Induction and maintenance of anesthesia in hypovolemic dogs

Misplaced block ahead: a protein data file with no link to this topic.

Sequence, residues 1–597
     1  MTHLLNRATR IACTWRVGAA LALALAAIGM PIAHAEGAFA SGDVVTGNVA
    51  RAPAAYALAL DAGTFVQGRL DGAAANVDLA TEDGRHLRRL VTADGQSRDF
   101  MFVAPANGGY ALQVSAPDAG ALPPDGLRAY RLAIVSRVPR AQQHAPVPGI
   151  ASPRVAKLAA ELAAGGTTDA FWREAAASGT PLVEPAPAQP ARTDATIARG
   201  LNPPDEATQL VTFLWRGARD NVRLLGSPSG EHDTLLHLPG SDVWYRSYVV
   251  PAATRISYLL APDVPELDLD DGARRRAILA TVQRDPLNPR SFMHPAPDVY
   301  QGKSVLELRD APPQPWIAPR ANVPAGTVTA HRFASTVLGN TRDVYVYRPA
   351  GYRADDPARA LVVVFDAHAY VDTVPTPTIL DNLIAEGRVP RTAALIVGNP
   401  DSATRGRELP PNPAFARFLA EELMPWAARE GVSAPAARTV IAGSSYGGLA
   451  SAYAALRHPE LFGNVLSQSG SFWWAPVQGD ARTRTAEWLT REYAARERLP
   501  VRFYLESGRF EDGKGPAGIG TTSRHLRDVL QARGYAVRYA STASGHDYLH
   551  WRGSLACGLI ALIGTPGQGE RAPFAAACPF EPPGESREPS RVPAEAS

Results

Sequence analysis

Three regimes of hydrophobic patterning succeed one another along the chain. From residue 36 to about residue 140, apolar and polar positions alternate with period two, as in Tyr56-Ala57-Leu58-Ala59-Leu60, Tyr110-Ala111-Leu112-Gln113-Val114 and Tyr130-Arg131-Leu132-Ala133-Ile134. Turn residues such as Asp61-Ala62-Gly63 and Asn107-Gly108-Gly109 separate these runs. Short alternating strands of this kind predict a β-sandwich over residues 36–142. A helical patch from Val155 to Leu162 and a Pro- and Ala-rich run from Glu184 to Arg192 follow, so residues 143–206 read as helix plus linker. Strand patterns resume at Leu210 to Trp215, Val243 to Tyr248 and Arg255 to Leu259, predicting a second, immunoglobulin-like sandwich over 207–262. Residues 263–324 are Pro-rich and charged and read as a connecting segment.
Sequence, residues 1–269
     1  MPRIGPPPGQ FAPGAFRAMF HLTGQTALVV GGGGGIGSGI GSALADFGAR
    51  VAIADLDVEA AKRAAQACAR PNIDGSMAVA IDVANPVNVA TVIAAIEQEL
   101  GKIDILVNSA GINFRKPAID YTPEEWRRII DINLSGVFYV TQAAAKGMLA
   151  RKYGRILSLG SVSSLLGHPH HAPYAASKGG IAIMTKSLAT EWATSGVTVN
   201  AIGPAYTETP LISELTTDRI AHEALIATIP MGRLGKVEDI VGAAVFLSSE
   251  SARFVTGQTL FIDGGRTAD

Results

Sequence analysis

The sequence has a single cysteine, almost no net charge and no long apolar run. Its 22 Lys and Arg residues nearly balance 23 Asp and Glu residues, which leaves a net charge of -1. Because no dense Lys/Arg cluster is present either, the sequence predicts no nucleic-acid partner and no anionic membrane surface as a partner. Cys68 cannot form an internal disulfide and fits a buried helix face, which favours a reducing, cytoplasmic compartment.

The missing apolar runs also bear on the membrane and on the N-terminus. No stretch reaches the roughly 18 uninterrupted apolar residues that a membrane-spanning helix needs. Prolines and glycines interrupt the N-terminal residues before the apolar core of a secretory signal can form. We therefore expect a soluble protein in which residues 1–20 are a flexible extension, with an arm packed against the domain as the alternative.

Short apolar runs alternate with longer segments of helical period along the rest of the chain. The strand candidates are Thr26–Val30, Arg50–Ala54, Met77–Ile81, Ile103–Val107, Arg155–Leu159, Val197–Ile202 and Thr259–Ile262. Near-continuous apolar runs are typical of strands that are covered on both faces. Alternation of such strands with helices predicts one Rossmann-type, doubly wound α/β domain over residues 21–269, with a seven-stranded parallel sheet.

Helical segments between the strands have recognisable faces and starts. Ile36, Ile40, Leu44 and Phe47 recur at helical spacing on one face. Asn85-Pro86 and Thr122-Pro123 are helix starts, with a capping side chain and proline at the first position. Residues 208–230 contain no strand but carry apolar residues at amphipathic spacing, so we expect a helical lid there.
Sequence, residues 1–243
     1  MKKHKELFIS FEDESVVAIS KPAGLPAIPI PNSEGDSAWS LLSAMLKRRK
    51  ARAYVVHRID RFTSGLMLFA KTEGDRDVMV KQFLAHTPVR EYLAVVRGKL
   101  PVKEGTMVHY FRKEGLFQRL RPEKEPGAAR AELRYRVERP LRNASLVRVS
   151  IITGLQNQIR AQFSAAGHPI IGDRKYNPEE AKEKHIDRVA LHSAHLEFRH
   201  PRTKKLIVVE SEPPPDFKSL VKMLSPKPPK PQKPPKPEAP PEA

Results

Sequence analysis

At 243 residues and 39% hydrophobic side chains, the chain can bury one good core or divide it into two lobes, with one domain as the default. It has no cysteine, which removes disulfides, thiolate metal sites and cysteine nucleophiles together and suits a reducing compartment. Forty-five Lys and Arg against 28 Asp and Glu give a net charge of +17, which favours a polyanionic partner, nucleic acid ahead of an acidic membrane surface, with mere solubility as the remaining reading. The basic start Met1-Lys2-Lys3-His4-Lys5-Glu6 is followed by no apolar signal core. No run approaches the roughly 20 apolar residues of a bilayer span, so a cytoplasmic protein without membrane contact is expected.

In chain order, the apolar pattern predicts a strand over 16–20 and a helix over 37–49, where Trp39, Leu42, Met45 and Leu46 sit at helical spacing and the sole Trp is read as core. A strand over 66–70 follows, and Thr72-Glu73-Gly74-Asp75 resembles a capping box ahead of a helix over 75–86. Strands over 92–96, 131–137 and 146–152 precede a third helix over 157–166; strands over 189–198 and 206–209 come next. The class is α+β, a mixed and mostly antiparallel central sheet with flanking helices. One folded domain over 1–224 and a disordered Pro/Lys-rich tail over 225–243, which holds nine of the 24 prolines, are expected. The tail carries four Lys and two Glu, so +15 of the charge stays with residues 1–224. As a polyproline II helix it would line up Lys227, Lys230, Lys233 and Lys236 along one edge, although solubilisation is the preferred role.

The overall goal of the studies in this thesis was to evaluate the cardiopulmonary effects of different anesthetic agents in the hypovolemic dog. The minimum alveolar concentration (MAC) of isoflurane in the hypovolemic dog was determined to be significantly lower than that for normal dogs. The cardiopulmonary effects of induction with isoflurane (I) was compared to intravenous induction using titrated doses of ketamine-diazepam (KD) or propofoldiazepam (PD) in hypovolemic dogs. Injectable techniques provided a more rapid induction of anesthesia and maintained blood pressure in more optimal range immediately following induction of anesthesia compared with isoflurane by mask. A greater safety margin exists with ketamine-diazepam inductions. Doses of the injectable anesthetics required to permit endotracheal intubation were lower than those reported in non-premedicated normovolemic dogs. Practitioners should titrate the dose of the induction agent and be prepared to deliver a lower percentage of isoflurane to maintain anesthesia in hypovolemic dogs.